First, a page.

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SLIP/TRIP/FALL PREVENTION Presented by: Bill Luther, Loss Prevention Consultant PowerPoint Presentation
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SLIP/TRIP/FALL PREVENTION Presented by: Bill Luther, Loss Prevention Consultant. Do You - REALLY- Understand Fall Prevention ?. Which way do you go to address it?. Do you mean what you say and say what you mean ?. Are you getting mixed signals or giving mixed signals?. U-Turns Only?.

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SLIP/TRIP/FALL PREVENTION Presented by: Bill Luther, Loss Prevention Consultant


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    Presentation Transcript
    1. SLIP/TRIP/FALL PREVENTION Presented by: Bill Luther, Loss Prevention Consultant

    2. Do You -REALLY- Understand Fall Prevention ?

    3. Which way do you go to address it?

    4. Do you mean what you say and say what you mean ?

    5. Are you getting mixed signals or giving mixed signals?

    6. U-Turns Only?

    7. Are you taking the rules to heart?

    8. Two One-Ways Equals One Two-Way, Right?

    9. For the Directionally Challenged

    10. When does School Start ? Do we need training?

    11. Uhhh, O.K.

    12. You Can’t Be Too Safe

    13. Are you enforcing the rules/regulations?

    14. With all the information out there…. Why do we still have Slip-Trip-Fall accidents ?

    15. Agenda • 1:00 – 1:10 Introduction & Objectives • 1:10 – 2:00 Definitions, statistics, standards • 2:00 – 2:10 Break • 2:10 – 3:10 Categories & Factors of Falls • 3:10 – 3:20 Break • 3:20 – 4:30 Prevention of Falls • 4:30 – 4:45 Q & A

    16. Objectives of this course • This course will focus on general industry slips/trips/falls. • The Construction industry has its own unique fall concerns and standards • 1926.500 - .503 • 1926.1050 - .1060 ladders & stairs • 1926.451 scaffolds

    17. Objectives of this course • Factors that contribute to why we fall • Physiological factors • Social/emotional factors • Environmental factors

    18. Objectives of this course • Types of falls • Same level • Fall from heights (non-construction related and focuses on portable ladders) • Stairs and steps

    19. Objectives of this course • What can be done to help prevent falls • Floor maintenance procedures • Housekeeping • Proper footwear • Hazard identification • Awareness training

    20. Let’s get Started!!!

    21. Definitions • Friction: resistance to lateral movement caused by contact between two surfaces • Coefficient of friction: the division of horizontal force by vertical force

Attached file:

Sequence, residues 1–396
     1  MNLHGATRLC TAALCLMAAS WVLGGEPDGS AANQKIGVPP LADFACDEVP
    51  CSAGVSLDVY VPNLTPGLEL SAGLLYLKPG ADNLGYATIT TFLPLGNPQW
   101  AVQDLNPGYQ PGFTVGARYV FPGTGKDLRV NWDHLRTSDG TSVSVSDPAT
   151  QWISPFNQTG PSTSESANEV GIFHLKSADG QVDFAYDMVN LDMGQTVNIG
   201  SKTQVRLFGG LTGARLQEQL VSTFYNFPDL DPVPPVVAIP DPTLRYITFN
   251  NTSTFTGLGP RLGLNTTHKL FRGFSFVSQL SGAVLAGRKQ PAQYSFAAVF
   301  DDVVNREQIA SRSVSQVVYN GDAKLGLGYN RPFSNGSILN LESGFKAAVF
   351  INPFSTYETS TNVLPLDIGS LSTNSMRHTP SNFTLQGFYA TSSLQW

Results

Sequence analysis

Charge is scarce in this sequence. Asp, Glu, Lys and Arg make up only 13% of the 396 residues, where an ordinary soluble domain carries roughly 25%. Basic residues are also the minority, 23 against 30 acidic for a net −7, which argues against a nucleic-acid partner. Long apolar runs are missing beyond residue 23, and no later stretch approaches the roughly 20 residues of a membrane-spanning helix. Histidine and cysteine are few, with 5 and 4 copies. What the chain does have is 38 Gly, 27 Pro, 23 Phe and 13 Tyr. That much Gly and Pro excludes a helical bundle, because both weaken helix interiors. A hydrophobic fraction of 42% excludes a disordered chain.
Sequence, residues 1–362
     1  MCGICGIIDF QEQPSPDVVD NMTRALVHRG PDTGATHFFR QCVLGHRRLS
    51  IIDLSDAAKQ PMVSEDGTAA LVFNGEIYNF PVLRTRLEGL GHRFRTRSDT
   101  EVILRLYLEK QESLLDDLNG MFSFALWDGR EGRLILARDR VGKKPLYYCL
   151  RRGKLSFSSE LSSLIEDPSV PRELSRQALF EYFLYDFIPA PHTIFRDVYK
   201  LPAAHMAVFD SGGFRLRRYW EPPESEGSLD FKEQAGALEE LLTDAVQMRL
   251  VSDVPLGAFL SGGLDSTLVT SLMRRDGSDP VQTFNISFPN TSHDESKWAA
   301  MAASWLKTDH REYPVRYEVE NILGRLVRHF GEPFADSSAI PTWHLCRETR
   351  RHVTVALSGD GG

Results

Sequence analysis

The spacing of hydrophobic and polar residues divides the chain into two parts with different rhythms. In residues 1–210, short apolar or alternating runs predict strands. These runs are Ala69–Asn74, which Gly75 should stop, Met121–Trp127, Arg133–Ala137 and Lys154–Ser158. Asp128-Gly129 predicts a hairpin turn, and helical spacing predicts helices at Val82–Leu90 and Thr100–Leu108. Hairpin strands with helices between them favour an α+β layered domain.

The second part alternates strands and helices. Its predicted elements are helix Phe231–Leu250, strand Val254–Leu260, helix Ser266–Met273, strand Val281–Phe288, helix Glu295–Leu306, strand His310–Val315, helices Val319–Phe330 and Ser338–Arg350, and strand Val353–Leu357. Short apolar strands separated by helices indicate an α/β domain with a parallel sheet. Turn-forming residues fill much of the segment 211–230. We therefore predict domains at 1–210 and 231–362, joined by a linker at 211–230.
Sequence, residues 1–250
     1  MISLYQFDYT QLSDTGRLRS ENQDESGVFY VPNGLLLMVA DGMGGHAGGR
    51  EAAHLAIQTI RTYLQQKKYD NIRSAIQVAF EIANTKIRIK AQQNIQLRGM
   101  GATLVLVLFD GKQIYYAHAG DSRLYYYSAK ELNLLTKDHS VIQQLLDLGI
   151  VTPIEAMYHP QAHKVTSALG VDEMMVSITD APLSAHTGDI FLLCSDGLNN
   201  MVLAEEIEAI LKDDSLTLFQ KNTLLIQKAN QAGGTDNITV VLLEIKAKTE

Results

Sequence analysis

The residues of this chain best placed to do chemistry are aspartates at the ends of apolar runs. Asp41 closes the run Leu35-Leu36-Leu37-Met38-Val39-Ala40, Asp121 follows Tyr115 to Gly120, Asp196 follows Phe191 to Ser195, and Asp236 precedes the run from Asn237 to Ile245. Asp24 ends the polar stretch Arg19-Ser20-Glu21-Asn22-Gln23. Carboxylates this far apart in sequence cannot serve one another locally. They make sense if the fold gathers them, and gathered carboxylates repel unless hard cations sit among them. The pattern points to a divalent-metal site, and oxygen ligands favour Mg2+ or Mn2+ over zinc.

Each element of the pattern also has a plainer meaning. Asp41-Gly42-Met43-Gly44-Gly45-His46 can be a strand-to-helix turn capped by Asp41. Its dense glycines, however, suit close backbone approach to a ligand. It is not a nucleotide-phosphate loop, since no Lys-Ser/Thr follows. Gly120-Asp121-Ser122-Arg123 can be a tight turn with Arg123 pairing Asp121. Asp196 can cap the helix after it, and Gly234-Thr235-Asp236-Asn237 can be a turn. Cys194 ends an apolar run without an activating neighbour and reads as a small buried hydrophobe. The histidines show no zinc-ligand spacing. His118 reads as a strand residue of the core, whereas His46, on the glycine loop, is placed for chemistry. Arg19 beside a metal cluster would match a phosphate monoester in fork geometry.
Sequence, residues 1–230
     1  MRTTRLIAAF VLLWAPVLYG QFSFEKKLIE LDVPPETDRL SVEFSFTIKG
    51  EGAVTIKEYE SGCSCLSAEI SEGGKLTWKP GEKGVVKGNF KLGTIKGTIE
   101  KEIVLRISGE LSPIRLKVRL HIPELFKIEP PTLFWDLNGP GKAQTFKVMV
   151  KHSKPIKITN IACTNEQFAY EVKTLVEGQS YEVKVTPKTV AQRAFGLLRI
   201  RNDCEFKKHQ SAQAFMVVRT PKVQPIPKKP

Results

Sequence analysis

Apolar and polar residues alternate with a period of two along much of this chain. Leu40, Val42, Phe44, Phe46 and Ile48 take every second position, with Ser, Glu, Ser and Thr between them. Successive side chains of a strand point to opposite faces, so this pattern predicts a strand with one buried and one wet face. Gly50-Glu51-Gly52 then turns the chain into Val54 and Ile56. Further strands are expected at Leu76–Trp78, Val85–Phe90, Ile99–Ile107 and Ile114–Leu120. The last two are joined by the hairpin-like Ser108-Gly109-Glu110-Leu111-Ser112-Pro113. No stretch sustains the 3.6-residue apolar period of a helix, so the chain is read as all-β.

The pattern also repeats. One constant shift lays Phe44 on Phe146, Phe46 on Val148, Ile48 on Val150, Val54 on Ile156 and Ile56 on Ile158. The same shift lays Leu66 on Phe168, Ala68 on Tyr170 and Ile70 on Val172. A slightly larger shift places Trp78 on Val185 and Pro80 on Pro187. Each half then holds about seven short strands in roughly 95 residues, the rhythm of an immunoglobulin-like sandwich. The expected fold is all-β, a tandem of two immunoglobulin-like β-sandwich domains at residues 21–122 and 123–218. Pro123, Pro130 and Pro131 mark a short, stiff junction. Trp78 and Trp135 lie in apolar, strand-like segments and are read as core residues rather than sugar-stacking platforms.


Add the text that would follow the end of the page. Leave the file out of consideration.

22. Definitions • Coefficient of friction (COF): Common performance measurement. Static measure of 0.5 has become working definition under many state laws and codes. Certain circumstances such as ramps and wet flooring requires a higher COF.

    23. Definitions • Slip resistant: A floor finish that meets a static coefficient of friction value of 0.50 or greater as measured by the D-2047 standard (James Machine) • ANSI: American National Standard Institute • ASTM: American Society for Testing and Materials

    24. Slip/Trip/Fall Impact • Almost 20,000 workplace related falls reported in Texas in 1998 1 Texas Workers’ Compensation Commission

    25. Slip/Trip/Fall Impact 1 Texas Workers’ Compensation Commission

    26. Slip/Trip/Fall Impact 1 Texas Workers’ Compensation Commission

    27. Slip/Trip/Fall Impact 1 Texas Workers’ Compensation Commission

    28. Key Standards for Working and WalkingSurfaces • Occupational Safety and Health Administration (OSHA) 1910.22 – 1910.30 for General Industry • American National Standard (ANSI) A1264-2-2001 joint issue with American Society of Safety Engineers (ASSE)

    29. Key Standards for Working and WalkingSurfaces • ASTM Evaluation of Test Data obtained for Measurement of Slip Resistance of Footwear sole F695 Standard Practice for, heel or related materials

    30. OSHA 1910.22 General Requirements • General requirements are broad • Housekeeping - (neat, sanitary and if possible, dry • Aisles – clear passage and appropriately marked • Covers/guardrails – protect from open pits, tanks, etc.

    31. OSHA 1910.23 Floor and Wall Openings • Floor and wall openings • Floor openings - must have rails or cover plate • Wall openings – must be guarded if there is a drop of more than 4 feet

    32. 1910.23 (Floor/Wall Openings) • Stairway railings/guards – handrails for 4 or more risers • Stair width and presence/absence of walls notes where rails are to be placed • Steps should be designed as or treated with slip resistant surface

    33. 1910.24 Fixed Industrial Stairs • Applies to stairs around machinery, tanks, etc., and stairs leading to/from floors, platforms and pits • Different width requirements than fire exits (min only 22”) • More defined tread requirements

    34. 1910.25 Portable Wood Ladders • Must be in good condition and made of high density wood • Three types: • I-industrial, 3-20’ heavy use • II-commercial, 3-12’ medium use • III-household, 3-6’ light use • Special purpose ladders-painter’s stepladder and mason’s ladder

    35. 1910.26 Portable Metal Ladders • Rungs must be made slip resistant (corrugated, knurled, dimpled or coated with skid-resistant material) • Provision for immediate inspection if ladder tips over • Proper use provision- every 4’ height, place ladder 1’ away from wall base

    36. ANSI/ASSE A1264.2-2001 • Standard for the Provision of Slip Resistance on Walking/ Working Surfaces • Focuses on slip resistance of flooring surfaces • Recognizes slip resistance testing methods • guideline of 0.5 coefficient of friction for dry conditions

    37. BREAK TIME

    38. Types of falls • Same level • Smooth, finished surfaces – tile, marble, linoleum, etc • Uneven surfaces – typically outdoor environments, sidewalks & parking lots

    39. Types of falls • Fall from heights • Ladders-portables • Step stools • Platforms